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Through Venture Island, the WIRED project anticipates being able to add great value to a minimum of 162 entrepreneurial companies in the targeted sectors during 2008 and 2009. GCN identified a number of additional companies who did not participate in the screen test process in Redding but are nonetheless excited about participating in the WIRED initiative and receiving entrepreneur training and related support. In addition to the above 150 companies, the North State planning group is in hopes of bringing together an additional 150 potential candidates that will be helped through various resources in the far ten counties. Renewable Energy Event December 4, Update on CEO panel The purpose of the forum was to facilitate the positioning of the North State as a preferable location for renewable energy (solar, wind, geothermal, hydro, and biomass), development for energy production, and production component manufacturing, energy conservation consumer product development. There were approximately 235 attendees, representing city and county governments, state and federal resource, funding, and regulatory agencies, community colleges, workforce preparation, Economic Development Corporations (EDC), finance, and most importantly, private sector large and small renewable energy producers, and consumer product manufacturers. The conference attendees were informed of the legislative, social, economic, and environmental factors pushing renewable energy development as well as the challenges we need to address in order to facilitate renewable energy growth. Continued support has been dedicated to this event and follow-up with CEO’s has now been initiated through this effort. Several meetings have taken place throughout the region including Modoc, Plumas, Trinity Butte, and Siskiyou counties. Outcomes Linked economic development, workforce development, local elected officials, and county/city administrators with industry leaders throughout the North State; Increased the North State’s competitive advantage in the renewable energy field as a focal point for development by demonstrating commitment and capacity; Determined immediate and intermediate manufacturing opportunities for North State businesses to provide products and services to renewable energy producers; Provided site location requirements of wind, solar, and biomass energy producers and provided the information to local jurisdiction representatives; Clarified renewable energy industry cluster characteristics and needs, relative to financing models for North State private, public, and venture capital resources;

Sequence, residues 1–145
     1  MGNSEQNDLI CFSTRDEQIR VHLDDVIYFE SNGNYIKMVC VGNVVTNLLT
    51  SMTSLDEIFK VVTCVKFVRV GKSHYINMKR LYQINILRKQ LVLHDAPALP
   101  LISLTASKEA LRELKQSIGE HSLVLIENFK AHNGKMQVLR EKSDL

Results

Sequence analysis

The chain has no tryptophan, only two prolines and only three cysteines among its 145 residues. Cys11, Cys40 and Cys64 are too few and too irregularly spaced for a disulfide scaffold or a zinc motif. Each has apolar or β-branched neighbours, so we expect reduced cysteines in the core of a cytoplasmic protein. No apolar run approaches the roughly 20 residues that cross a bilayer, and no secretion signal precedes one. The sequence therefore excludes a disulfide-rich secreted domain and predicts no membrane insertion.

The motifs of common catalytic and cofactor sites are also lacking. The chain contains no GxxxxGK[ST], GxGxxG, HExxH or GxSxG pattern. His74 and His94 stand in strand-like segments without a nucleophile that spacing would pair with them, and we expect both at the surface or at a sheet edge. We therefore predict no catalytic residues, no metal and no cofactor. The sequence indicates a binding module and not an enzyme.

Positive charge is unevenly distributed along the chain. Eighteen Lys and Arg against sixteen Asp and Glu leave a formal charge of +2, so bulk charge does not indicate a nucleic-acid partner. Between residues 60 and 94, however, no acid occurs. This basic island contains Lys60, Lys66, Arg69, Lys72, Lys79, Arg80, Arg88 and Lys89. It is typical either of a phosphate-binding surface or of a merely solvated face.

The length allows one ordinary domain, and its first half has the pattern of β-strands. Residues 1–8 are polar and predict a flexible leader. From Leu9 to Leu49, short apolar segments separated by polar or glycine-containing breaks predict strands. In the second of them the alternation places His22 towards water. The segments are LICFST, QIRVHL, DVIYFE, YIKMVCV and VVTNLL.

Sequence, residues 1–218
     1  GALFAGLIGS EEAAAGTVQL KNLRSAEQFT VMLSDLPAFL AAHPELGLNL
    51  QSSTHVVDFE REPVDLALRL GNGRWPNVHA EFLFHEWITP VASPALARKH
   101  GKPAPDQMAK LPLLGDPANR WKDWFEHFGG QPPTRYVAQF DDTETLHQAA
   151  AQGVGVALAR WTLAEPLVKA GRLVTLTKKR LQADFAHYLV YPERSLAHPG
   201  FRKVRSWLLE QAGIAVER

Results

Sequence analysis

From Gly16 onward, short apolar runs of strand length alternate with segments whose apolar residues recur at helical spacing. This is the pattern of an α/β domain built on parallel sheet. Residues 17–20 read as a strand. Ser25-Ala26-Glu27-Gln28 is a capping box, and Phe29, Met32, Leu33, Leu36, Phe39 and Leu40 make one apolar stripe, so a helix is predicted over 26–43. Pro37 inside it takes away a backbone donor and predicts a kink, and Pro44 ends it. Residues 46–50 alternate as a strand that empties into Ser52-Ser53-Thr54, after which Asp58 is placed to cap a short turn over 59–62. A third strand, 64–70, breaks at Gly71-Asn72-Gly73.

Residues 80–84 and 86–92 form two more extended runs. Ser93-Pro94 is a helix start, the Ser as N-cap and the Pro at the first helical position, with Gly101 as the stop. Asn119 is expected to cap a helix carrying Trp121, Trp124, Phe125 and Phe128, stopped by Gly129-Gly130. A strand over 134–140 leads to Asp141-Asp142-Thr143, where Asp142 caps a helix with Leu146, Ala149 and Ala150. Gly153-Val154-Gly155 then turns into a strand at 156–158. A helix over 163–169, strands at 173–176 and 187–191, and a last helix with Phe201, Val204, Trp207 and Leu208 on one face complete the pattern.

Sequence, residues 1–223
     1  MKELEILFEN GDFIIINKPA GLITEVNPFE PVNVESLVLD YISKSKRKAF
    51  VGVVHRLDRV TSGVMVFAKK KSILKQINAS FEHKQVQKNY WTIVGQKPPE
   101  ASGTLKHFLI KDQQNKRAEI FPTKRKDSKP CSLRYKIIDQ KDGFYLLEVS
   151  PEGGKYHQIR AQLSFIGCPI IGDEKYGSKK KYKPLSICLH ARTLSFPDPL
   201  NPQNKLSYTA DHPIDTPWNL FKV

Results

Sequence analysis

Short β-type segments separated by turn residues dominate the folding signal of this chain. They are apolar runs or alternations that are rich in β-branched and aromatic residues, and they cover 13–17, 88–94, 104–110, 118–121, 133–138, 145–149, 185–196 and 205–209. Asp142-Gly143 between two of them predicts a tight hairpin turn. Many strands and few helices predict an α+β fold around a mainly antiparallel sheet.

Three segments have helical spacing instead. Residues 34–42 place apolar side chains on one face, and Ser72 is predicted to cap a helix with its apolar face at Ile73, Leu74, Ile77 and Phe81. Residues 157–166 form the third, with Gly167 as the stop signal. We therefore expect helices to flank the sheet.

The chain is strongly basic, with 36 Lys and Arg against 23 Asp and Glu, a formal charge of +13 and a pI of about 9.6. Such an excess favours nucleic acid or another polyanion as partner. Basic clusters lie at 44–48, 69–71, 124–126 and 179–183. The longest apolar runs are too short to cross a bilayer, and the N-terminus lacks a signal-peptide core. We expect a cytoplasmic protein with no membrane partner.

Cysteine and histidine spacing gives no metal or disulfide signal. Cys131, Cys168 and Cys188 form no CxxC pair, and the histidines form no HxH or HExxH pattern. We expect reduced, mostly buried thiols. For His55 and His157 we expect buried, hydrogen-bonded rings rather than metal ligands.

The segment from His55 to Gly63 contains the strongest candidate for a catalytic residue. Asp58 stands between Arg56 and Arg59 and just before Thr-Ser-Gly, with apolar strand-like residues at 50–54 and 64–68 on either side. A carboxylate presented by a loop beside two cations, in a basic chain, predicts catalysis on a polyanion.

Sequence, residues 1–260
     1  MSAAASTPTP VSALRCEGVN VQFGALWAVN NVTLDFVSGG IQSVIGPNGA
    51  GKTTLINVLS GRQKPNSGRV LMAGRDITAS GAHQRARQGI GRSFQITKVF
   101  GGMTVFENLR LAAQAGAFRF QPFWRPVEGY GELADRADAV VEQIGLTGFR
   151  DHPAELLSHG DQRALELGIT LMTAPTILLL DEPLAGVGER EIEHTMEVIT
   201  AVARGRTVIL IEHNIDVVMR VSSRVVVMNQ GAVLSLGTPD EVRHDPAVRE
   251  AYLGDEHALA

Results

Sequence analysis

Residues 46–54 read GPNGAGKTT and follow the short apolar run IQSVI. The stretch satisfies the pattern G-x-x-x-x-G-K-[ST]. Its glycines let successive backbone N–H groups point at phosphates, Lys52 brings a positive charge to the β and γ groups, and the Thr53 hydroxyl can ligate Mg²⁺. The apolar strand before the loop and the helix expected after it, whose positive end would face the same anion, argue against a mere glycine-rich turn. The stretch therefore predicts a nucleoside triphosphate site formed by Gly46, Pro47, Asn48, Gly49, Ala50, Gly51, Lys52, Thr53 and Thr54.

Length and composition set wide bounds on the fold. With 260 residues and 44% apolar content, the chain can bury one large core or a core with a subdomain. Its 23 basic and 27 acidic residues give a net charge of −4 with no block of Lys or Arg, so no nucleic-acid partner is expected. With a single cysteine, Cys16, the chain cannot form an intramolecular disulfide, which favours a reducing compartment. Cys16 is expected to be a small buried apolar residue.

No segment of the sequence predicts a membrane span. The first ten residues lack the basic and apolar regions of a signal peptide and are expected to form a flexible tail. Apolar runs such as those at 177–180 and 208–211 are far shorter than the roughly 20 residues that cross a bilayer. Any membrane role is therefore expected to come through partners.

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Defined renewable energy sector training needs, determined potential growth categories, and provided clarification regarding collaborative employee training mechanisms; Next Steps 1. Prepare the fundamental organizational structure necessary to address industry specific needs relative to land use, entitlements, employee training, and financing on the regional and local levels. Currently this is under way with a list of top CEO’s holding meeting to address current issues in coordination with the WIB. (Ongoing) 2. Provide a written report addressing the intended outcomes, accomplishments, and ongoing work to be done. This is ongoing and with the passage of ARRA, the WIB has prepared a matrix of projects that have the most potential of deployment within the counties served through WIRED. 3. Prepare recommendations for long-term implementation of a renewable energy development strategy. The ongoing discussion and design of this is taking place over the last three months again involving high level CEO’s of companies who work within the industry and have relative knowledge to best design projects for the area that make the most sense. Projects 3.1.a.1-3 Local area projects and ongoing entrepreneurship training taking place: Examples of entrepreneurial growth companies Golden Capital continues to work with (or regularly monitors) include: